It's definitely not something for younger teens. And I can also see it getting banned.

    Yeah, publishers need to stop with the series. It's really annoying me as well.

    Awesome review though! I really enjoyed watching it. New follower. ;)

  7. I just found your blog through "Consumed by Books" and I'm so glad I did! Really great and thorough review and I liked that you did a video review :)

  8. Awesome review Misty! I've been hearing a lot about this book, and you've given me a lot to think about...

  9. the wordspeak reminds me of clockwork orange which is what would draw me to this story. however, your meh, makes me hesitate.

  10. Awesome review - love the vlog :)

    Wow - pretty much made me want to read this one even more - just to see if I would be shocked :)
    Not a whole lot bothers me in general so I tend to like books that push the envelope.


  11. I can definitely see why some people are going to love this and some are going to hate it. It's very out-there and outrageous, but I think that helps it get its point across. If the world really did devolve this far, it would be completely and utterly insane. And that's what Megan McCafferty shows -- and world that's gone completely off their rocker on both ends of the spectrum. This book goes for the shock factor, but I definitely think there's food for thought in there. I was especially intrigued by the religious aspect, and the conflation of eroticism and religion. I grew up in an uber-religious small town, so Harmony's struggle with being force-fed dogma and told not to ask any questions seemed very realistic to me.

  12. Atheist here as well =)

    Your video review was amazing. (like, rilly amazing) I haven't read this one yet, but I strongly suspect I will feel much the same way about it as you did.

  13. @Casey: Absolutely! I should have mentioned that, I did like her questioning. And the reality of her relationship with Ram. Those rang true to me.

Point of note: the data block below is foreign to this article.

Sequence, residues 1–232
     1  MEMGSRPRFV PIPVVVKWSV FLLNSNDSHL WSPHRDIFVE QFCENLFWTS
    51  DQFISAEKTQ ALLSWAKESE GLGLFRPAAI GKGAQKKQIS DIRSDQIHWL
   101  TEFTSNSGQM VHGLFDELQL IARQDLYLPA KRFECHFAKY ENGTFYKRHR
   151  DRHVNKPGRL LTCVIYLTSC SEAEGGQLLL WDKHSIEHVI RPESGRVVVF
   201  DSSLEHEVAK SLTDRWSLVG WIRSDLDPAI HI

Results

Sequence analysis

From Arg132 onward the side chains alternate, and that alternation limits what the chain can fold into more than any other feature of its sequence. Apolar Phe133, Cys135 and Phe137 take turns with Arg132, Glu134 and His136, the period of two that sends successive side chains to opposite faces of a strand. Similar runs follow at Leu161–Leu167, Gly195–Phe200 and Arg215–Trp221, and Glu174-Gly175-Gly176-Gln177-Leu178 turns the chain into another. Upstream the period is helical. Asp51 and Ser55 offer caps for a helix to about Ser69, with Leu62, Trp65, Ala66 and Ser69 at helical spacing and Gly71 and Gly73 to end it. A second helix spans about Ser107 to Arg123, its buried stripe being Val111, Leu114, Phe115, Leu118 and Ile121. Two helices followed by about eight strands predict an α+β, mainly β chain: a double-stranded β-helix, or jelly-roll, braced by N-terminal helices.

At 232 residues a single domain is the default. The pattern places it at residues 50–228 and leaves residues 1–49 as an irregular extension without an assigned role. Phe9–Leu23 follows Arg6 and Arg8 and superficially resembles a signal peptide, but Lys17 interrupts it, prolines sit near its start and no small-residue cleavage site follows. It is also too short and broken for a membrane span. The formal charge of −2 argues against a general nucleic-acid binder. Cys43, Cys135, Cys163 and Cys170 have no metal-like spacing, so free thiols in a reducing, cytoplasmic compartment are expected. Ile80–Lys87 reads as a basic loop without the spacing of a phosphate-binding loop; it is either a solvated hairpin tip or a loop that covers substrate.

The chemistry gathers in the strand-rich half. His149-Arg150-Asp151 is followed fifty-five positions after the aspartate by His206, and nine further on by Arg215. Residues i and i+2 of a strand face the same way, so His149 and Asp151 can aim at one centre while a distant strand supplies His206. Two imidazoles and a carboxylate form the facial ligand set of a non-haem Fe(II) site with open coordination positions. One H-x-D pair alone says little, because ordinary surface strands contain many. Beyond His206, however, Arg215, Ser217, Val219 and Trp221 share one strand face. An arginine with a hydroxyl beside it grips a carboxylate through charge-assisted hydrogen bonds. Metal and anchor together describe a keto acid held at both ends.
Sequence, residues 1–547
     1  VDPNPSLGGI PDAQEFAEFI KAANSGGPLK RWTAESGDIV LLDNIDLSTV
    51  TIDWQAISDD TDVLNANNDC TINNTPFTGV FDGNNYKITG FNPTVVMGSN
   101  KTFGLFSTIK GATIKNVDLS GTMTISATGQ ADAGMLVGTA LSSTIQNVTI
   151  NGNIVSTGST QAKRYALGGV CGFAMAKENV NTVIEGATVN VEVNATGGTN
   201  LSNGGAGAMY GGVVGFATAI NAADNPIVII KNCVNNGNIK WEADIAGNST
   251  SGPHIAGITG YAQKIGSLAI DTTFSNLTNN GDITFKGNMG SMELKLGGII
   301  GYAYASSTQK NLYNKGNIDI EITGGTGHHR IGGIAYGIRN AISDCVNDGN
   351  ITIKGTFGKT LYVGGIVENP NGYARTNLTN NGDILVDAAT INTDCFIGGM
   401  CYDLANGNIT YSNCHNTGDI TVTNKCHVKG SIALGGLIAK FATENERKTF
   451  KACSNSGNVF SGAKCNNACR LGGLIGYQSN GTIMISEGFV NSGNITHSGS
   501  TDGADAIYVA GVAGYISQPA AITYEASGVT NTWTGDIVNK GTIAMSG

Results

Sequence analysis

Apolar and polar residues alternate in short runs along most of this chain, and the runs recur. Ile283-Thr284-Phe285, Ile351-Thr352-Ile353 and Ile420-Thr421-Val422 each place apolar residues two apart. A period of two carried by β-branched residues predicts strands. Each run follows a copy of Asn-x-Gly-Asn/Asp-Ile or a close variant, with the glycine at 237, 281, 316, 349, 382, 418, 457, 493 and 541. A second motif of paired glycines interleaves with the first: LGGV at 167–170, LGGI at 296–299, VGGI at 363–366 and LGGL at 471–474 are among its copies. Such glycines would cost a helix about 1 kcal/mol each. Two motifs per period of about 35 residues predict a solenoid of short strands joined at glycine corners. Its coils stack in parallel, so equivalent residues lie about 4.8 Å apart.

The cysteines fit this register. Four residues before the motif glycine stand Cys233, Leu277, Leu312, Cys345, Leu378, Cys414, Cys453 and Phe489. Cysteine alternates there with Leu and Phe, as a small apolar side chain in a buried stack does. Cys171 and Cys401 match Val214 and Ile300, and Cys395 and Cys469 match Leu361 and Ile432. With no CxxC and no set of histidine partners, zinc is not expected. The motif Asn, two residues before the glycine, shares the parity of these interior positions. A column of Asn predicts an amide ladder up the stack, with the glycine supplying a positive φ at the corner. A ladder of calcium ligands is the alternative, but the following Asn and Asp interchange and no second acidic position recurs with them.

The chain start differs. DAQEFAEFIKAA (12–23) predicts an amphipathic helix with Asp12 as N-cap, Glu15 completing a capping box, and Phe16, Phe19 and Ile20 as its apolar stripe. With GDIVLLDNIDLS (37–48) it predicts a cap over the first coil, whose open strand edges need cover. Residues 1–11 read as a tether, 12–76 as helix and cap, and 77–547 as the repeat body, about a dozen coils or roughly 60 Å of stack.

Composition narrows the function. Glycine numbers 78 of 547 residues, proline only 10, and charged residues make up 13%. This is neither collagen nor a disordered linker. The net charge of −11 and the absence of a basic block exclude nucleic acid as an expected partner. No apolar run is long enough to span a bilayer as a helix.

I do think this book has it's positives, and I do think it's going to have its fans, and start some discussions (which is always a plus!).
    It just hit on some pet peeves of mine, and missed the mark a bit for me.
    Like I said, I didn't DISlike it - but I don't know how much I liked it, either. It was a thoroughly weird place to be in when I finished reading.

  14. Great reviews, both of them. I had no idea what this one was about but have seen it everywhere. Now I don't need to read it. Your video review made me say "eew". I'm not sure I'd want my teens to read it either. Not unless they really get satire very well. Just from what you said, I'm not sure I get satire well enough to read it. So, no thanks!

    And I'm with you! Can't anyone write a stand alone book?


  15. Great review. I haven't read this, but I think if I do I'll feel the same way and agree with you on the fact a lot of books that should be standalone are made into series more for the money and not because it has to be to get the story across.

    Nightshade by Andrea Cremer was banned from some libraries/schools before it was released because the characters have animal characteristics and there is a homosexual relationship in it, so I'm surprised that hasn't happen here yet.

  16. Ek it does sound ewww. Great honest review.

  17. First off, I love the title of your review. I'm torn about wanting to read this book. It seems interesting, but the ick factor and the horrible language are off putting. Hmmm.

    And it is super annoying that there are really no stand alone teen books anymore. Everything has to have a series.

  18. So no room for gay / asexual / no-touch extreme introvert / childfree / etc teenagers???????????????????????????????????????

  19. So it would seem.
    There is a teeny tiny hint of a character who is gay, but he lives in a repressive religious community and hides it.

  20. I'm usually not a fan of vlogs, because every one I've watched has a series of people saying "umm...." and the weird camera thing that changes perspective for each sentence a person says, so after I get the sense of yay or nay, I just exit. But surprisingly, I loved this vlog. I already own the book, so I'll read it, but I was borderline on whether to read it next or not. I'm so happy to have found someone who is actually prepared with key points for their reviews and context representations.
    Thanks for the helpful input, I'll be following your reviews now. :)

    1. This is a really old one, so hopefully my vlogging skills have come along way... But glad it won you over! =D
      (And I would still read it if I were you. It was interesting and quick, I just had some issues with it)